Speaking of quests, you don’t always get rewards for completing them. I thought I’d mention that since many expect rewards for doing favors. Quests vary from cleaning islands to crafting materials to cooking for characters. There’s also a lot of backtracking, so you’ll revisit the same areas in search of certain materials.
I should also point out that the design of the island selection process isn’t very smooth. When you interact with the boat to sail to another island, the map pops up. Once you move Aka over the island you want to travel to, you automatically transport there. This mechanic is frustrating because it’s easy to hover over an island you didn’t want to go to by accident.
Activities – So Much to do!
Crafting, cooking, farming, and mining are mainly for completing quests for other characters.
Farming is my favorite activity, and it’s more complicated than you may expect. Specific crops interest certain wildlife. For example, carrots attract black flies and repel white ones, while onions do the exact opposite. Therefore, it’s best to plant these two next to each other so that you’ll get the best crops.
Farming in Aka is fun, though a few kinks are hard to ignore. More specifically, a blue square highlights the spot where Aka aims to sow seeds, but you have to position him perfectly to plant it in the desired area. That often requires adjusting the red panda many times since the controls are sensitive. Harvesting crops (and picking up other items) is also tricky. When I prompt Aka to pick something up, sometimes he’ll just stand on top of the item. Other times he’ll do the motion of picking something up, but he won’t actually grab the object.
When you need a break from farming and other rigorous activities, you can chill out with other animals. If you’re interested in star-gazing with a rhinoceros or basking in a hot spring with monkeys, you can do those things in Aka!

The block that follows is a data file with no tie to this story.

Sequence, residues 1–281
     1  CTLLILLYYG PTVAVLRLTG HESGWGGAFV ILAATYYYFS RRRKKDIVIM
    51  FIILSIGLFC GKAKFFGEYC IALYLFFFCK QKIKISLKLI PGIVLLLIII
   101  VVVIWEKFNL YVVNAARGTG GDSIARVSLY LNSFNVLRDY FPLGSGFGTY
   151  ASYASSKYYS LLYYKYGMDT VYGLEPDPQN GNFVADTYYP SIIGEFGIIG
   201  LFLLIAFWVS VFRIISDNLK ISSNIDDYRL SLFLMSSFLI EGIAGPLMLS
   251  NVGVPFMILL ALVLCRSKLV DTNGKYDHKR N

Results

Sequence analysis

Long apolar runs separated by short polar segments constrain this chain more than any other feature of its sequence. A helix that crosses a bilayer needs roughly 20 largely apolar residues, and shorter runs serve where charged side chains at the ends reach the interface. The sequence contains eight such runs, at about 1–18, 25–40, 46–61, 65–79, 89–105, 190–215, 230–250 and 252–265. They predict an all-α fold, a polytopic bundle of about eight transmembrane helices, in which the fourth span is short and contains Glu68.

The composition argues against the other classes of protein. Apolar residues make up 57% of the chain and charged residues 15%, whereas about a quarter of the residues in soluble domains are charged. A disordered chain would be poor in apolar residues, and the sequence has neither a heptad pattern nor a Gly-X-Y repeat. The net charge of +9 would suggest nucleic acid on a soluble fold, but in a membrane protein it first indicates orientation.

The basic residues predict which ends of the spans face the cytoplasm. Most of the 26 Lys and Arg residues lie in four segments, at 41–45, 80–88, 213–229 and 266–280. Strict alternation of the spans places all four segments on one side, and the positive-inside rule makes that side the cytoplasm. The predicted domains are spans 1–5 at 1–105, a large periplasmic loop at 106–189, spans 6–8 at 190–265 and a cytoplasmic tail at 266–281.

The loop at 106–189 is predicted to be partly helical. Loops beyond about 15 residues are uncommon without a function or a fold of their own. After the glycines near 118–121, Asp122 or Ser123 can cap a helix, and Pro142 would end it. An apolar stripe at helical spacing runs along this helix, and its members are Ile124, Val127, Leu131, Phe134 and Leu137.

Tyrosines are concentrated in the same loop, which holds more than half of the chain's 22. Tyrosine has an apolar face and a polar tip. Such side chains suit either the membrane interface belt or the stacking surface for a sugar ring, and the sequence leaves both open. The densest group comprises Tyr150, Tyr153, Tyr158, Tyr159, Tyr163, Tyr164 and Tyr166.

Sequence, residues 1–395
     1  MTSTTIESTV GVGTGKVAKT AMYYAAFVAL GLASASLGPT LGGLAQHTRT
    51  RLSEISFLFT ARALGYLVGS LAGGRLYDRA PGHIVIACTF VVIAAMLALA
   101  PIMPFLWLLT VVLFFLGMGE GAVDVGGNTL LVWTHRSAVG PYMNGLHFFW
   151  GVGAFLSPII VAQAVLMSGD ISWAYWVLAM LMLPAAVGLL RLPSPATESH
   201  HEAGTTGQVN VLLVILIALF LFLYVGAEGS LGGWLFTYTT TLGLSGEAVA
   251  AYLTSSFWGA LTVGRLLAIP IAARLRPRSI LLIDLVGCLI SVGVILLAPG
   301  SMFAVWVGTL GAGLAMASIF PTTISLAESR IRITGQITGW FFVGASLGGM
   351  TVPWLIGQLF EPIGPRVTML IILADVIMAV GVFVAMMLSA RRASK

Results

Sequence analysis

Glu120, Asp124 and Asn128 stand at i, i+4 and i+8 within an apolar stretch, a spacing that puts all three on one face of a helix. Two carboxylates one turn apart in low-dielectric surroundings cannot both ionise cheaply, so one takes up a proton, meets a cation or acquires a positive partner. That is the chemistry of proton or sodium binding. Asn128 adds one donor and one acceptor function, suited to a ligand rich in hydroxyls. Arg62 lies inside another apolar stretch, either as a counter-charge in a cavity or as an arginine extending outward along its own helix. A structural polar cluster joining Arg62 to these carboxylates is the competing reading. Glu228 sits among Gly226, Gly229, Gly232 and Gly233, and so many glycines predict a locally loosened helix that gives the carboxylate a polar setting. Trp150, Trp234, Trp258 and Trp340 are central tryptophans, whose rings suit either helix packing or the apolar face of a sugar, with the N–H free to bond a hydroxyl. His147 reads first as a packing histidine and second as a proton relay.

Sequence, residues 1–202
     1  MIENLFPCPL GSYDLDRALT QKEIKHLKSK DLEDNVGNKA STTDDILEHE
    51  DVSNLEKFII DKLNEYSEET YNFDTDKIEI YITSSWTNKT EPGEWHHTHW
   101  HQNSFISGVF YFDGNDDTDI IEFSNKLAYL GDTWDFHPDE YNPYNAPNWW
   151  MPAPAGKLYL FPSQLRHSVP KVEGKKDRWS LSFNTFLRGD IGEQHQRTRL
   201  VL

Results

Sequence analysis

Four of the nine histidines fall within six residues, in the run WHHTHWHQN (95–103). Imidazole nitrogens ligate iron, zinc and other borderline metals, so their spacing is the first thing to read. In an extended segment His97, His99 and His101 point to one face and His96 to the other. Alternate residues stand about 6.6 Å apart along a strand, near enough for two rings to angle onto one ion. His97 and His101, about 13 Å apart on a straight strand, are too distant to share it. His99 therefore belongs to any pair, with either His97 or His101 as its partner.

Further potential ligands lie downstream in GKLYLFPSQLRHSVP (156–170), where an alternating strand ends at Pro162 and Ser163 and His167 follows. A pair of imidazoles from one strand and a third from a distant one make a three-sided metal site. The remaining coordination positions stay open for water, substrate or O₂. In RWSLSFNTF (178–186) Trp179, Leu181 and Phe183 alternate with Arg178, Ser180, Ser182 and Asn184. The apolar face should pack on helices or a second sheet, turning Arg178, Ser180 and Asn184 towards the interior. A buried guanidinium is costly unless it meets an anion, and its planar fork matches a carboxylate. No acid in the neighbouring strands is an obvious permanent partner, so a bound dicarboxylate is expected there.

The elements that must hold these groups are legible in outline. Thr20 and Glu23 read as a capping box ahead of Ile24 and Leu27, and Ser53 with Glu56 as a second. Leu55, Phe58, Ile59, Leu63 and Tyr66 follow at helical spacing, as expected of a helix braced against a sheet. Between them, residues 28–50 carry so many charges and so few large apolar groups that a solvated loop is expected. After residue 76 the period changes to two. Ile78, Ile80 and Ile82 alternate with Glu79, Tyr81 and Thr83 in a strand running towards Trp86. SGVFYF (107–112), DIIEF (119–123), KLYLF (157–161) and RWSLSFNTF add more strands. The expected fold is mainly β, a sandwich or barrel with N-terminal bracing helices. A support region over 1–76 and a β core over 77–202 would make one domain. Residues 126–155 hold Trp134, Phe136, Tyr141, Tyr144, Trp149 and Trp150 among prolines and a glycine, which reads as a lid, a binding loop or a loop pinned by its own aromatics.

Aka can also enjoy his calm lifestyle with mini-games, including a marble maze and several rhythm games. The most interesting one involved playing cards.
Strangely enough, there’s no guide to the card game. I had trouble in the beginning because I didn’t know what to do, but it was fun once I got the hang of it. The coolest part is that the characters you meet become playable cards. In other words, you earn cards by meeting new people. I love this idea because it encourages players to talk to strangers.
Graphics – They’re Better on PC
Aka’s graphics initially drew me in, but I noticed they looked off on my Switch. The art style is still appealing overall, though it looked better in the trailer. I couldn’t figure out why at first. Then I stumbled upon the developer’s playthrough on PC, and it made sense. The PC version’s graphics are better than the Nintendo Switch version’s display.
As you can see, the PC version (right) looks clearer and more vibrant compared to the Switch version (left). The font in the picture taken from the PC also appears sharper. The worst part about the graphics on both platforms is the world map. It looks like a rushed afterthought, rather than a planned out addition to the game.
Despite that, it’s obvious the developers spent much time on most of the graphics. For starters, a different region inspires each island’s landscape. From the cherry blossom trees of East Asia to the sandy beaches of South America, there’s plenty of variation in scenery.
The mixing of 3D, 2D, and hand-drawn graphics is the best thing about Aka’s art style. Most of the characters that contribute to the story are in 2D, and it’s an intriguing contrast to the 3D environment. The developers also use a watercolor art style while elaborating a character’s background, which gives a refreshing change.
Music and Sound – The Sounds of Serenity
Aka’s music is just as outstanding as it is diverse. Every island has its own daytime and nighttime song with a mixture of melodies. Flutes and violins mingle while you’re tending your farm on Pine Tree Island. Meanwhile, Bamboo Island showcases what sounds like a pipa (a traditional Chinese string instrument) alongside bamboo flutes. The cello and piano join in during the songs of the night, creating a slower, heavier aura that makes you more relaxed.
While the music is amazing, the sound design is okay in comparison. Nothing particularly stood out about it. I will say that I enjoyed listening to the environmental sounds and music while on Pine Tree Island. The birds in the background add a nice touch while you wander around in the beautiful nature.
Aka was reviewed on the Nintendo Switch.